East Meets West: 4 Cultural Tips for Dealing with Chinese Businesses

Racepoint Global

Written by Edwina Chung and Mark Fowler 

With China well established as the world’s second-largest economy, communicating with Chinese businesses and consumers has become critical to global commercial success. Communicating successfully with China isn’t just about learning the language. But like the old cliché goes, it’s not what you say; it’s how you say it.

Knowing the cultural nuances and the idiosyncrasies between the East and West – what not to say as much as what you should say – that will help you achieve your goals in China, whether it’s dinner with a potential business partner or advertising to consumers.

With that in mind, here are four tips to remember to keep your communications on track.

  1. Numbers: lucky for some…

Don’t panic if you can’t find any floors with the digit ‘4’ in them in a hotel; as you probably know if you’re reading this, the number four is considered unlucky. For the same reason, brands avoid using the number four in their name and product ranges often skip from 3 to 5. The reasoning behind this is actually quite interesting; the Chinese place a lot of emphasis on pronunciation, and since ‘four’ sounds similar to that of the Chinese word for ‘death’, it’s unsurprisingly considered taboo. By the same merit though, other numbers are considered lucky – such as eight because the pronunciation is similar to the word for ‘prosperity’. And the number 13? Well, it might fill some in the West with the same sense of unease as a black cat crossing their path but not so in China where it sounds similar to the word for ‘birth.’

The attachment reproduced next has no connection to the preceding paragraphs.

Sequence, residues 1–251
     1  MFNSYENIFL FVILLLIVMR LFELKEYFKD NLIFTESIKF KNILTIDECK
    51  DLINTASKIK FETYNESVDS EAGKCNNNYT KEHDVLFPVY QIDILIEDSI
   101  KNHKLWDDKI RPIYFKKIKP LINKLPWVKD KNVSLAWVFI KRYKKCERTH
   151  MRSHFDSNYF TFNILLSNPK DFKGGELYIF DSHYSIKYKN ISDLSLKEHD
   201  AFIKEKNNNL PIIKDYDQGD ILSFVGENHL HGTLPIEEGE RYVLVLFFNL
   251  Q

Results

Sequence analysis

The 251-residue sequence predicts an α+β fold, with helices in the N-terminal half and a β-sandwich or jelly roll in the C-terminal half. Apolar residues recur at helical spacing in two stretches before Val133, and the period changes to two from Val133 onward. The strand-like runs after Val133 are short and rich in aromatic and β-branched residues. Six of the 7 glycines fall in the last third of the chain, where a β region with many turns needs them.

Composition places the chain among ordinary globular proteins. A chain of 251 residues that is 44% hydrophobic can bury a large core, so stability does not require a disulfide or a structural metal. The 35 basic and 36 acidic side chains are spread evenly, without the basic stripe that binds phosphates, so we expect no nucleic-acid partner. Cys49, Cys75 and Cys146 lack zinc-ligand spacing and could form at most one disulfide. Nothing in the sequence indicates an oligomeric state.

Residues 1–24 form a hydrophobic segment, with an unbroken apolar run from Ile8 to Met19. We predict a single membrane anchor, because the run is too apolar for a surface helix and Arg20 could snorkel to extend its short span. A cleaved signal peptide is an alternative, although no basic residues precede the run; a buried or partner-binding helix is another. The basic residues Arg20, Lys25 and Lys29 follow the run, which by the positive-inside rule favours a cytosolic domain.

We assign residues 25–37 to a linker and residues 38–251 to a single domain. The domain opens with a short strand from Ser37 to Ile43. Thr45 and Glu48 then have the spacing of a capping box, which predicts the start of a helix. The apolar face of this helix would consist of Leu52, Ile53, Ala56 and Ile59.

1. Colour: stay in the lines…

What’s your favourite colour? If you’re in China there’s a good chance it’s red. Due to its association with joy and prosperity, red is widely used in China for holidays and festivals, as well as by the government. Gold remains popular for similar reasons. The affection for tasteful monochrome that many of us have in the West is far less the case in China where black and white are closely associated with mourning. Electric blue suffers from a similar association due to its use at funerals. Green, which is considered a symbol of freshness in the UK and wealth in the US brings to mind quite a different image in China – that of plummeting stocks. Be careful when picking which colours you use for your branding and where you use them.

  1. Eating: something to chew over…

There’s an old Chinese saying: “People are iron. Rich is steel. You will feel like crap without a meal.” It’s fair to say food is an essential part of daily life for the Chinese. Have you ever sat down for a meal with a group of Chinese people and felt a bit confused as they openly share food across the dining table? Sharing food is like sharing ‘grace’ and where westerners usually invite guests to choose their favourite food on the table, the Chinese prefer to place food in guest’s bowls with chopsticks to show their hospitality.

  1. Gifts: it’s (not just) the thought that counts…

To end on some good news; even numbers are seen as lucky in Chinese culture and so people prefer sending in pairs. For example, two bottles of wine might be offered as a gift rather than one. The rationale here – much like with our Chinese dinner hosts – is a show of generosity.  Another subtle difference is that when receiving gifts, Chinese will tend to put these aside to open later, to avoid being seen as greedy, where we in the US and Europe will regularly open a gift as they receive to show appreciation.